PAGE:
Yesterday I went to a gathering of local urban gardeners, the Metro Garden Club, to meet some of what I hoped would be kindred spirits (sense the foreshadowing...). I've been on their e-mailing list for a while, and it doesn't get a lot of traffic. So I wasn't sure what to expect. I was so unprepared that I didn't have any plants, seeds, starts, or even food to bring to share. I ended up not bringing any plants, seeds, or starts home, either, partially because my ethics won't let me take when I haven't brought, but also because I didn't find anything that would fit my garden. Somebody had brought a bucket of apples, though, and I'm sorry that I didn't make off with some of them.
I was disappointed. First of all, I'm not great in social gatherings of more than, say, five people. I'm even worse when everybody else already seems to know one another. I attempted some conversations, but they didn't last. Everybody I talked to was an ornamental gardener, perhaps a casual vegetable gardener. I got into a conversation about tomatoes with one woman (these were all women, all older than I) but when I mentioned that I was canning mine she almost ran away from me. "I'm too lazy to can," she said.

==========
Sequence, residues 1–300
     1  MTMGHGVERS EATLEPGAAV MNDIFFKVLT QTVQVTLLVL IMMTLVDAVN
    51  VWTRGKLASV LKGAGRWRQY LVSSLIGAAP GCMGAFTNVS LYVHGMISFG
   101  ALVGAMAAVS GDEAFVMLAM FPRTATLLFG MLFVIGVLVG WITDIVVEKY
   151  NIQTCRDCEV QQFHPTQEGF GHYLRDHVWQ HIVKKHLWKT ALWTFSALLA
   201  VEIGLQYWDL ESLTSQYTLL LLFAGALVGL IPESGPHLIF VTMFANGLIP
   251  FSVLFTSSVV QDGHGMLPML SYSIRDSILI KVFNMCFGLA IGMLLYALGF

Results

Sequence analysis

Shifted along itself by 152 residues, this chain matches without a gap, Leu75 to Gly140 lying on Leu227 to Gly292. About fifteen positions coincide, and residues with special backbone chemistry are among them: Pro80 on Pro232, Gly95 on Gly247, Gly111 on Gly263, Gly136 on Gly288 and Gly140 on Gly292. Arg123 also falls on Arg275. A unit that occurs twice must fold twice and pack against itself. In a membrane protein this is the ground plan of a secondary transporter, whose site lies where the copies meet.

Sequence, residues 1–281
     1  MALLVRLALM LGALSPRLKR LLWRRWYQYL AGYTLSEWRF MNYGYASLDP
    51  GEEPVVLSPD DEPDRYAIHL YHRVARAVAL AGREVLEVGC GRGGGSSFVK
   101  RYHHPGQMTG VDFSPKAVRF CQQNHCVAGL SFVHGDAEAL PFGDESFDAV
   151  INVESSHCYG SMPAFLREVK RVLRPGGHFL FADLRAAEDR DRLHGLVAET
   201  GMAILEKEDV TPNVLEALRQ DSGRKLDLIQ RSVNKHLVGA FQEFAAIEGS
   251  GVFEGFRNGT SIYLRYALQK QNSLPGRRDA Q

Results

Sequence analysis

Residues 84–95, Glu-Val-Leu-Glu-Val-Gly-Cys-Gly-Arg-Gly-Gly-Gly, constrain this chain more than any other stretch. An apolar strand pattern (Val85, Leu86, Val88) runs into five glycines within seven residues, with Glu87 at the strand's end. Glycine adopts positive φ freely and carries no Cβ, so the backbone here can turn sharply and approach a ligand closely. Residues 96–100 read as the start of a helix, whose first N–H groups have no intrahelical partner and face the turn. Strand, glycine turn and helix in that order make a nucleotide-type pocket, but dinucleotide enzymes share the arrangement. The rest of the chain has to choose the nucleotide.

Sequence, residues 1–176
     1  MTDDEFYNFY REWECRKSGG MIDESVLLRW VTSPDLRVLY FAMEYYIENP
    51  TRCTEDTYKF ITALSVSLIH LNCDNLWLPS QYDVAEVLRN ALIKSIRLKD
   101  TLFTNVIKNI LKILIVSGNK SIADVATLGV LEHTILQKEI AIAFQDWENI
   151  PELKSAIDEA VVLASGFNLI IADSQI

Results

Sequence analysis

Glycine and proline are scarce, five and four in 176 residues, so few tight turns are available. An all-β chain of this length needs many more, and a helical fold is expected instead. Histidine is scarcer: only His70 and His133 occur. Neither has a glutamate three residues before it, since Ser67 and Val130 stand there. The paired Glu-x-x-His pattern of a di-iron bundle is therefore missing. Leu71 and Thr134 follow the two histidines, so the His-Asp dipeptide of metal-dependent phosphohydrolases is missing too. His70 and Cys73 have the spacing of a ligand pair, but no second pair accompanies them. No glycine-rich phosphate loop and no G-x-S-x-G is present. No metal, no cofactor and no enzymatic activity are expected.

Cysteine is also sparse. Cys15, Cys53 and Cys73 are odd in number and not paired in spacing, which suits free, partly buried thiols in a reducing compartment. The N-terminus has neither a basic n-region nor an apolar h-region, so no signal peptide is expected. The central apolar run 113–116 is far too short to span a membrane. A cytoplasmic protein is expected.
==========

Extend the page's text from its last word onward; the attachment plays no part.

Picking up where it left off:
As is totally obvious from what I've been blogging lately, I've really gotten into the canning thing this season, more than ever before. It is hard, but it's not that difficult once you get into the rhythm of it - As with any undertaking or hobby, no? And it is reading that inspires me. I've been asked several times in the past year, "How did you get to know so much about [gardening/canning/...]?" My reply is always the same - I read. I read about gardening for years before I had a decent sunny plot. I keep those books that I really love right by my spot at the breakfast table, and that is what I browse while I eat, wait for water to boil, drink my tea. They are reference books, about herbs, gardening, canning.
The more I read (and keep in mind that this is very casual reading) the more I get inspired. I had to look up the recipe for spiced vinegar in one book that called for it for the pickles I am making, and there on the same page was directions on making garlic rosemary vinegar - Hey, I can throw that together, too! I thumb through the pages and there's some recipes on dilly beans, so when The Husband asked me this morning what I needed at Trader Joe's, I tell him to pick up some dried beans and I'm going to try pickling them. Why not?
My favourite gardening book, by the way, is The Kitchen Garden by Sylvia Thompson. My copy is getting old and ratty and the toddler tore the cover yesterday. I love the way she writes and I aspire to being such a creative gardener.
See what I mean? I ran in and took this picture of the kitchen table, and this is exactly how it was.
(Oh, and if you ever want to make your house smell really divine, try boiling a couple of sprigs of rosemary in some white wine vinegar for a few minutes. Yum.)